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Why SEO Is So Much Better Now (But Can Still Improve) – Here’s Why #170


The villagers caught a black hat SEO and brought him to the wise knight for trial. Let’s be thankful that SEO methods have come a long way since the ancient times of search engines!

In this episode of the popular Here’s Why digital marketing video series, Perficient Digital’s Eric Enge gives evidence that SEO has grown up in many ways, and shares best practices for more mature, sustainable SEO.

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Mark: Eric, you’ve been saying that the maturation of SEO is reaching an advanced state.

Eric: It’s true. The evolution of SEO has been remarkable.

In its early days, there were so many ways to fool Google into giving you traffic that many people felt like it was a bad idea not to do it. The risk of penalties was small and the upsides were high.
But in today’s world, that has truly changed. No serious enterprise knowingly engages in tactics that are overtly manipulative. Don’t get me wrong, enterprise companies still get penalties. But the great majority of those cases result from misunderstandings regarding guidelines or marketing tactics that are okay in moderation being taken too far.

Pretty much every enterprise believes that it’s now a bad idea to try and fool Google into giving you traffic, the exact opposite of how it used to be. No serious enterprise thinks that this is a good idea. The risk of penalties for bad behavior is high and the amount of potential upside not big enough to justify taking on that risk.

[Tweet “These days no serious enterprise-level company intentionally uses black hat SEO techniques. There’s a reason for that. Learn more in this video!” ]

Mark: So, is black hat SEO still around?

Eric: Well, yes, it is. And it still has a devoted following. But for the most part, these are people that seek to drive short-term games. They’re willing to churn and burn sites, and deal with the penalties, and simply move on the next strategy or the next site.

A skilled black hat can still make a ton of money, but it’s definitely not the right lifestyle for most people or businesses. And it’s not what many businesses with significant public presence, revenue, or employees should be doing.

You don’t want to be the one that has to lay people off because you tried some high-risk traffic, had it work for a while, and then, suddenly, what you gained and more gets taken away. I’ve seen companies have to engage in massive layoffs after receiving a penalty. That’s just not the place you want to be.

Mark: So, does that mean pretty much everyone is doing best practices optimal SEO now?

Eric: Well, I wish. But no, not exactly.

It’s not like everyone has become perfect at it. And it continues to evolve. Philosophically, having a laser focus on creating more and more user value is the best mindset to have for SEO these days. So, let me outline what that means.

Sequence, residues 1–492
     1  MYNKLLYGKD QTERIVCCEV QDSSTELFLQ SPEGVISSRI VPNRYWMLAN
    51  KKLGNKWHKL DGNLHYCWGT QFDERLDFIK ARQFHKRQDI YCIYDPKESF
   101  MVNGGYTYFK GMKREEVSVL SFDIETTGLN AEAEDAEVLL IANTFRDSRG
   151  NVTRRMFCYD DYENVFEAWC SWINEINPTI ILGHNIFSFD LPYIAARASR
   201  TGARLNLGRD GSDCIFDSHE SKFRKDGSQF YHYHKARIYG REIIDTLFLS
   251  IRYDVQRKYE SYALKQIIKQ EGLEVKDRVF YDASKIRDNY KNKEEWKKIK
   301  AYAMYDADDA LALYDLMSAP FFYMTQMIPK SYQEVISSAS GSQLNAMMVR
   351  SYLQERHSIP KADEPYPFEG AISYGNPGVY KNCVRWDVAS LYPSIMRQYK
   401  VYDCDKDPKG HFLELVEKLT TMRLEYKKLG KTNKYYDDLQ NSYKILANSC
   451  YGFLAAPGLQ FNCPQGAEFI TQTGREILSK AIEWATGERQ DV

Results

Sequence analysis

1. Understanding the concept of task completion. If a user arrives on a page at your site, what is it that they’re looking for? I often share the example of an auto parts site and a user on their oil filters page. What do they want? Well, oil filters are a decent bet, of course, but they may also want oil, or an oil filter wrench, or the manual for their car so they can make sure that they’re buying the right filter, and more.
  2. Creating a great user experience. You can have the best possible content and products in the world, but if users can’t find it because of poor navigation or poor page design, it won’t do them or you any good.
  3. Having best in class informational content. In my opinion, this is one of the big upshots of machine learning at Google, i.e. they have become much better at evaluating query relevance and finding the best possible content to deliver, to respond to those user queries. It’s by no means perfect, but I’ve seen lots of different businesses see their traffic sore as a result of adopting a content-centric strategy. And, of course, effective marketing and promotion of your business online remains incredibly important too.

Mark: Okay. So, we’ve made progress, but there’s still much to do. So, how would you summarize all that?

Eric: You’re right. There is still lots to do, but it’s a great thing for the industry to get more mature.

Fewer people are looking to pursue manipulative practices. And the big blight that used to hang over SEO’s head is fading, slowly maybe, but it’s fading. The stigma still exists with some people, but the number of those out there is far less than it used to be.

It’s now common that SEO is a major function in a large enterprise and part of an integrated marketing department. Collaboration between SEO, PR, and marketing is beginning to happen in many different organizations. This is a trend that will continue over the next few years.

And it’s because of all this progress that, I think, I can safely say, “Welcome home, SEO. You’re family now. And you’re finally finding the place in our industry where you’ve always belonged.”.

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Eric Enge

Eric Enge is part of the Digital Marketing practice at Perficient. He designs studies and produces industry-related research to help prove, debunk, or evolve assumptions about digital marketing practices and their value. Eric is a writer, blogger, researcher, teacher, and keynote speaker and panelist at major industry conferences. Partnering with several other experts, Eric served as the lead author of The Art of SEO.

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